Labor unions and management at major electricity firms will soon move to gradually extend the employment of their employees from age 60 to 65. They negotiated the details and reached a final agreement in February.
The extension of employment involves more than just the extension of the mandatory retirement age. It includes retention of the job contract whereby the worker is re-employed after reaching his mandatory retirement age and receives the relevant allowances. In Japan, the legal mandatory retirement age has been 60 years of age or over since April 1998, and the majority of enterprises have set it at 60. Although some enterprises have been introducing a scheme to re-employ their retired employees, the continuation of employment up to age 65 is not yet very common. At the same time, the tight financial situation has resulted in a decision to commence payment of the basic benefit from the Employees' Pension Plan, a public pension for salaried employees, from 61 in 2001 (up from age 60 at the present) and then to gradually raise that age to 65 by 2013. Another bill submitted to the Diet calls for the starting age for the payment of the other major component of the pensions, which is linked to contributions, to be raised also from 60 to 61 by 2013 and then gradually to 65 by 2025. These revisions have highlighted the employment of people in their early 60s as a social issue.
Given these circumstances, Denki Rengo (Japanese Electrical, Electronic and Information Union [JEIU]), which consists of labor unions of 17 enterprises in electric manufacturing, has since the 1998 spring offensive called for employment to be extended. Negotiations between labor and management started with the union's demand for the mandatory retirement age to be raised. This was rejected by management, and negotiations came to a standstill. The union then toned down its demand, asking management to extend employment following final payment of retirement allowances once workers had reached the mandatory retirement age. It also called for management to (1) guarantee the employment of all workers aged 60 or over who wished to continue working, (2) promise that such employment would be as secure and with the same rights to unionization as was the case for employees aged under 60, and (3) to link the extended age limit to the age when the payment of pensions would begin. Negotiations on the extension of employment at Matsushita Electric Industrial Co., Ltd. were concluded in May 1999, and those at Sanyo Electric Co., Ltd. were concluded the next month. The negotiations resulted in settlement this spring before the shunto at 10 or more firms (including Toshiba Corp., Hitachi Ltd., Mitsubishi Electric Corp., Fujitsu Ltd., and NEC Corp.).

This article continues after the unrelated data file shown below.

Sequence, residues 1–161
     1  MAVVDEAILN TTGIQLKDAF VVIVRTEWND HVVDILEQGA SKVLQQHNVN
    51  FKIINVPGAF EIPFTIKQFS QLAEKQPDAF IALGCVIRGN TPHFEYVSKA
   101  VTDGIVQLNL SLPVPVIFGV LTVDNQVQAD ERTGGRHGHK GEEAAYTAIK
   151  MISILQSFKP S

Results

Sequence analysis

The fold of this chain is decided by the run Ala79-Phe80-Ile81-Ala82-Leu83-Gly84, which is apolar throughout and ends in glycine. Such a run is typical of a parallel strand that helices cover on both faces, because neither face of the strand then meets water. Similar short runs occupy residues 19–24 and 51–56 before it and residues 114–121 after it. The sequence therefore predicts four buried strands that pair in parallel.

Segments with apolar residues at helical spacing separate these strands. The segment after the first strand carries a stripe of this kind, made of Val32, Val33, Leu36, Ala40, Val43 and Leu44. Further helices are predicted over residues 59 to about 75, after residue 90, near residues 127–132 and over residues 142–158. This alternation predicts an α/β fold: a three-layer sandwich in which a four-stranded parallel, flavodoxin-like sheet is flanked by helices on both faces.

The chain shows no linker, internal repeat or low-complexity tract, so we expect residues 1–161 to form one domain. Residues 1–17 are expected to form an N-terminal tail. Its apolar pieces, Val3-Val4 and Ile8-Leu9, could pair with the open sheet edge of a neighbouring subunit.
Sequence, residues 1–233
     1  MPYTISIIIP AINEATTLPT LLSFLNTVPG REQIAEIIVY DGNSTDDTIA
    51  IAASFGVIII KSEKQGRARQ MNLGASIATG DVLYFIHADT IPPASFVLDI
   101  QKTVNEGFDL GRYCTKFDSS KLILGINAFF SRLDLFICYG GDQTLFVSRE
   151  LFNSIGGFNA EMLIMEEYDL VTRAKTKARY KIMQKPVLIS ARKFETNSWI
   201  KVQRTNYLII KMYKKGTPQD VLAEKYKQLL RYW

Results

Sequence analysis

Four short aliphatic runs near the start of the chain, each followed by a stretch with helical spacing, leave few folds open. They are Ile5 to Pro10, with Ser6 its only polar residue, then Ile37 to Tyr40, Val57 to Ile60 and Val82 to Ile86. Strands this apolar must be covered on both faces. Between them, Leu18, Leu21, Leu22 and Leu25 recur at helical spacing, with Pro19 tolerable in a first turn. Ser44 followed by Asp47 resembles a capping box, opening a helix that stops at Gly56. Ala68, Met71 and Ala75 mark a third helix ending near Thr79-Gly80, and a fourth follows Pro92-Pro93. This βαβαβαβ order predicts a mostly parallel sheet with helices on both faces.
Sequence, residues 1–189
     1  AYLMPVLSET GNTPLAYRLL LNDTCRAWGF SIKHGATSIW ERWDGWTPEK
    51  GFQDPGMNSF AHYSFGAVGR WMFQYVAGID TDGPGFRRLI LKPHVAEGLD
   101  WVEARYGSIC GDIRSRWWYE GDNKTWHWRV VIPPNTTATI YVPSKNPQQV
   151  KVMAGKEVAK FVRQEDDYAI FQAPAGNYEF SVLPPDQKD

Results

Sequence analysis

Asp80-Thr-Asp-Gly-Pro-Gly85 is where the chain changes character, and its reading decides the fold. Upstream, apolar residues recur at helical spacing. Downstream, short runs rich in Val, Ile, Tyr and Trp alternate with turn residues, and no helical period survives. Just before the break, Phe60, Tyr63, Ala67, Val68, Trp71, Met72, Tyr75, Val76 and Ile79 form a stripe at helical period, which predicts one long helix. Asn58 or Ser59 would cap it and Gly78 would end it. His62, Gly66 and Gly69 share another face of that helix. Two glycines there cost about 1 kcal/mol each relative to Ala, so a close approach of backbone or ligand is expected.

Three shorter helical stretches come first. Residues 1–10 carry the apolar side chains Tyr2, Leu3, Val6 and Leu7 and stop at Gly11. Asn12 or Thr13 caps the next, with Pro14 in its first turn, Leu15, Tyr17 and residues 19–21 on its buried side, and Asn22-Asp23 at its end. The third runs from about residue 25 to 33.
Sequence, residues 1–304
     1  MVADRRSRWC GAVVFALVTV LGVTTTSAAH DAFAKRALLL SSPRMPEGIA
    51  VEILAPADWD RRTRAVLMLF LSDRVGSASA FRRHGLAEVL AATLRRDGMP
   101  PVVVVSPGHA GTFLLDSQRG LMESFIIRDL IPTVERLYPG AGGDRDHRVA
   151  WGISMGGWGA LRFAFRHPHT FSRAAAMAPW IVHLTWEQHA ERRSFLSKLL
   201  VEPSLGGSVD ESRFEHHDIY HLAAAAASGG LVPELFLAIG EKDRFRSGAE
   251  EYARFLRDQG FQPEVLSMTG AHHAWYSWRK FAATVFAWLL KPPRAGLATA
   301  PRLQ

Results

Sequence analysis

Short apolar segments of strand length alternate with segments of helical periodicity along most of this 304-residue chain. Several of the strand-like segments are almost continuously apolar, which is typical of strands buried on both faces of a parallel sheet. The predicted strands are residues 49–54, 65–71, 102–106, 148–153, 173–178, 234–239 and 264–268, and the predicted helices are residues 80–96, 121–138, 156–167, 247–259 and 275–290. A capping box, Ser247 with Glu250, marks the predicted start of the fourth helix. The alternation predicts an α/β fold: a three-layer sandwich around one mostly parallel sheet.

The electrical manufacturing industry is the first industry in which a majority of member firms are going ahead with employment extension. The issue is also a major concern for labor unions in other industries, and it will be interesting to see how the unions handle this matter in the 2000 spring offensive.
The agreements on employment extension in Japan's large electric firms varied. At Matsushita, workers aged 58 will be asked whether they wish to extend their employment, and may receive wages without cuts. At Sanyo wage levels will fall after workers reach 55. Fuji Electric Co., Ltd. will gradually extend the mandatory retirement age to 65. Fujitsu will not set an age limit for extended employment even after a worker reaches 65, but has announced that it will not re-hire all workers who have reached 65 (the retirement age) and wish to stay on at the company. Rather, it will offer one-year employment contracts only to those who are needed by the firm.
The Ministry of Labour is planning to submit a bill to the Diet that encourages firms to continue to employ workers up to the age of 65. The bill calls for subsidies to be paid to firms which have extended their retirement age to 61 or over.
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